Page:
Off-road advocate says BLM closure plan flawed
The Bureau of Land Management is sharply underestimating the value of recreation on its lands in western Colorado, according to a motorized vehicle advocate who is concerned about its proposals to significantly reduce travel routes in the region.
Scott Jones, chairman of the Colorado Off-Highway Vehicle Coalition, said Saturday during Club 20’s spring meeting that the agency is proposing to close about 4,500 miles of its routes, or 50 to 70 percent of the total, in its Grand Junction, Colorado River Valley and Kremmling field office draft management plans. Those plans cover about 2 million acres in total.
“It’s a pretty significant part of the state that we’re talking about,” he said.
He questions the economic analysis that is contributing to what he says are “kind of scary” proposals by the agency.
The Grand Junction plan estimates average daily recreational spending of $10.17 per user day related to its acreage. That compares to an estimated average of $62 per day that the Forest Service has calculated for its visitors in Colorado, and Colorado Parks and Wildlife has said in-state hunters spend an average of $106 per day, he said.
“Ten dollars. I can’t even get a sandwich and a couple of sports drinks for that,” said Jones, who said the Colorado River Valley office arrived at average spending of $16.27 per day, and Kremmling, $15.66.
“As you can see there’s some valuation concerns,” he said.
The Grand Junction plan projects total recreational spending of just $7.2 million on local BLM lands by 2029, whereas Colorado Parks and Wildlife says hunting and fishing alone already account for almost $130 million in spending in Mesa and Garfield counties, he said.
The BLM completely excludes local spending from its Grand Junction analysis, and attributes only 90 jobs in the area to its recreation opportunities, when Cabela’s alone employs more people than that, he said.
Katie Stevens, manager of the Grand Junction Field Office, acknowledged in her own Club 20 presentation that a lot of people have raised concerns about the economic analysis in the plan.
“We’ll consider whether we need to do some additional economic analysis there,” she said.
She said she recognizes the potential for local BLM lands to be a regional and even international draw.
“We get that, we know that we have that opportunity, and we’ve been that (draw) for some of our recreational uses in the past,” she said.
In an interview, Stevens said recreational economic impacts are more complex to measure than things such as grazing and oil and gas drilling. Although she thinks the BLM can provide more clarity on the basis of its analysis, “the type of cost-benefit analysis that we are directed to do with these plans doesn’t get at some of the economic benefits of outdoor recreation as an industry that I would like,” she said.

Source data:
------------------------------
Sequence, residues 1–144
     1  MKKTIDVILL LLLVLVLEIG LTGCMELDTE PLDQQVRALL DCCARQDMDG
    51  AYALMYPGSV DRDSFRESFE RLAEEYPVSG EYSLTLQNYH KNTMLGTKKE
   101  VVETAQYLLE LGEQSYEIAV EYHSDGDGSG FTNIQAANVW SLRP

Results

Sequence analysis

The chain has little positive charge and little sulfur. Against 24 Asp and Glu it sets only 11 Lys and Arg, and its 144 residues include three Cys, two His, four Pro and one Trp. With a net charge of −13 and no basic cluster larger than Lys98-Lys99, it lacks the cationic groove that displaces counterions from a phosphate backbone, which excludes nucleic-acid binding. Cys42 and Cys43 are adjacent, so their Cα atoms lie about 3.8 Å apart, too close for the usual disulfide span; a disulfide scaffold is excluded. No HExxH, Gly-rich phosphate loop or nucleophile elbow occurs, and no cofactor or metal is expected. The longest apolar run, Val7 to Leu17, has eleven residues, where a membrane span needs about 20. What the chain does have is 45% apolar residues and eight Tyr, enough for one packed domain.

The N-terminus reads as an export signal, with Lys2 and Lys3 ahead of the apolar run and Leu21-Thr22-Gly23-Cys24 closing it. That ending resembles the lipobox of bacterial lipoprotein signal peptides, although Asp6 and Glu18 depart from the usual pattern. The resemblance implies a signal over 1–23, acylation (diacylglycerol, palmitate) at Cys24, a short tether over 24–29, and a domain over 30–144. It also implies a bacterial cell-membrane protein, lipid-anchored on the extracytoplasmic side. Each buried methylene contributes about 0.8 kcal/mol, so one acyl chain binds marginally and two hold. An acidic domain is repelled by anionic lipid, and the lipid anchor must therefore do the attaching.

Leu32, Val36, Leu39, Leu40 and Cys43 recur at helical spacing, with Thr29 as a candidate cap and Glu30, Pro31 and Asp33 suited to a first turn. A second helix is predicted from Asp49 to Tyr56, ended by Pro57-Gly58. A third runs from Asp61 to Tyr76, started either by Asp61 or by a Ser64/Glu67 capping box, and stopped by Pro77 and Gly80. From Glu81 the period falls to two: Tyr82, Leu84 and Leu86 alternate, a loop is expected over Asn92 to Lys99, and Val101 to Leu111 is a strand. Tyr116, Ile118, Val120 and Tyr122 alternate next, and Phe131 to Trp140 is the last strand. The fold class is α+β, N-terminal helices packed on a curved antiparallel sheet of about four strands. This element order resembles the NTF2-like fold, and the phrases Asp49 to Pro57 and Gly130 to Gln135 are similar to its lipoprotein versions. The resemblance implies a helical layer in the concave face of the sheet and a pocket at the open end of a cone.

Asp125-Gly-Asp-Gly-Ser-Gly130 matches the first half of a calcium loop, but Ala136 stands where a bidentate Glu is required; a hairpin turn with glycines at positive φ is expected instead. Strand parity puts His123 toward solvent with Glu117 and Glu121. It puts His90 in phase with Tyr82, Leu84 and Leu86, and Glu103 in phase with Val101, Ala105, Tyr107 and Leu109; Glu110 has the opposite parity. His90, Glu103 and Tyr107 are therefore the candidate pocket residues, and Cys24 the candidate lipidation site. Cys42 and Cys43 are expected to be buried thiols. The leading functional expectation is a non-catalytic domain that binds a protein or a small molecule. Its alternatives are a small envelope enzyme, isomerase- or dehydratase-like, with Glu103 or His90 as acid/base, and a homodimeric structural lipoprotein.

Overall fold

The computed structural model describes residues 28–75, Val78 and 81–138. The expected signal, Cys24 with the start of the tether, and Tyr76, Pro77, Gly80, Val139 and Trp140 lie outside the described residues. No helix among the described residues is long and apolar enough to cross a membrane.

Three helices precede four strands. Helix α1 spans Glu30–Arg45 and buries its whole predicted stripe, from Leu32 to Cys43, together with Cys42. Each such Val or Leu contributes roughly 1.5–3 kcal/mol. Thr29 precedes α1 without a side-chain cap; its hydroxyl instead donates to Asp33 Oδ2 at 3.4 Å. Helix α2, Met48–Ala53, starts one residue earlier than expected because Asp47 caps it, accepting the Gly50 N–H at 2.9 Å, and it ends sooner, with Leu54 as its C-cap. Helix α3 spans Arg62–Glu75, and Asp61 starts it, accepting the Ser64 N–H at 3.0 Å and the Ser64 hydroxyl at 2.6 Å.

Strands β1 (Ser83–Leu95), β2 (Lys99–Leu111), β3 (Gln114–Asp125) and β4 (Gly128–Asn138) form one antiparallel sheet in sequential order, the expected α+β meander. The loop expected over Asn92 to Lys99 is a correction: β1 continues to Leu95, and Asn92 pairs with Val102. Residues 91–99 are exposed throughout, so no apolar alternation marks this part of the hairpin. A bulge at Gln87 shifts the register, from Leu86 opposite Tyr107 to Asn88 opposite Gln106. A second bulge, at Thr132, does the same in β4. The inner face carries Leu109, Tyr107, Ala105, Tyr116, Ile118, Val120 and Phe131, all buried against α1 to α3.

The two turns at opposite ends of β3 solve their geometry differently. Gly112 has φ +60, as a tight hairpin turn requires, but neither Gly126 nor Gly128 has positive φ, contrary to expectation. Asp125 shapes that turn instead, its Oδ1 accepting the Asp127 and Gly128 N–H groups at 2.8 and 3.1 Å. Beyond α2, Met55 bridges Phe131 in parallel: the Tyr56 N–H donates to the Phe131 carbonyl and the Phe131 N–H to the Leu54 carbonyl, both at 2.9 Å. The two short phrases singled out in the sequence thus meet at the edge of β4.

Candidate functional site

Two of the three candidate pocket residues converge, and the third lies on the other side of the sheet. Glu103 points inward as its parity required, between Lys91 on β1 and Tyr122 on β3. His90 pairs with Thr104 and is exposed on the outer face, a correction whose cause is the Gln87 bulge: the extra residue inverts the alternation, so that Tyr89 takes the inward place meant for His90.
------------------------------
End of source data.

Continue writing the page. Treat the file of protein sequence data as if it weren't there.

She said she could see value in doing a study that incorporates all local public land, including national forests and Colorado National Monument, and considers things such as Fruita’s draw as a mountain biking destination and even people choosing to work in the area because of the outdoor recreation that it offers.
Jones said activities such as hunting, camping and motorized vehicle use result in two to three times as much spending as other uses.
“If we’re going to drive the economy why don’t we go after the people who are spending the money?” he said.
The Grand Junction Field Office is considering keeping open about half of its roads with current legal access. It’s looking at the possibility of closures in cases such as when multiple roads go the same place, or when there are significant wildlife, safety, water quality or other concerns.
She said the agency also has concerns about the high density of roads in places such as the North Fruita Desert and Gateway. The Gateway roads stem from a long history of uranium development.
“We want to talk with the public about which of those roads are important for recreation and access,” she said.
Some BLM roads and trails were developed by users, without agency planning. Stevens said the goal of the travel portion of the field office’s resource management planning process is to transition to a recognized system that can be maintained into the future. Once the basic framework of what routes are good enough to keep has been established, then the agency can look at what ones will be needed in the future, she said.
The agency is continuing to take public comments on its Grand Junction draft plan.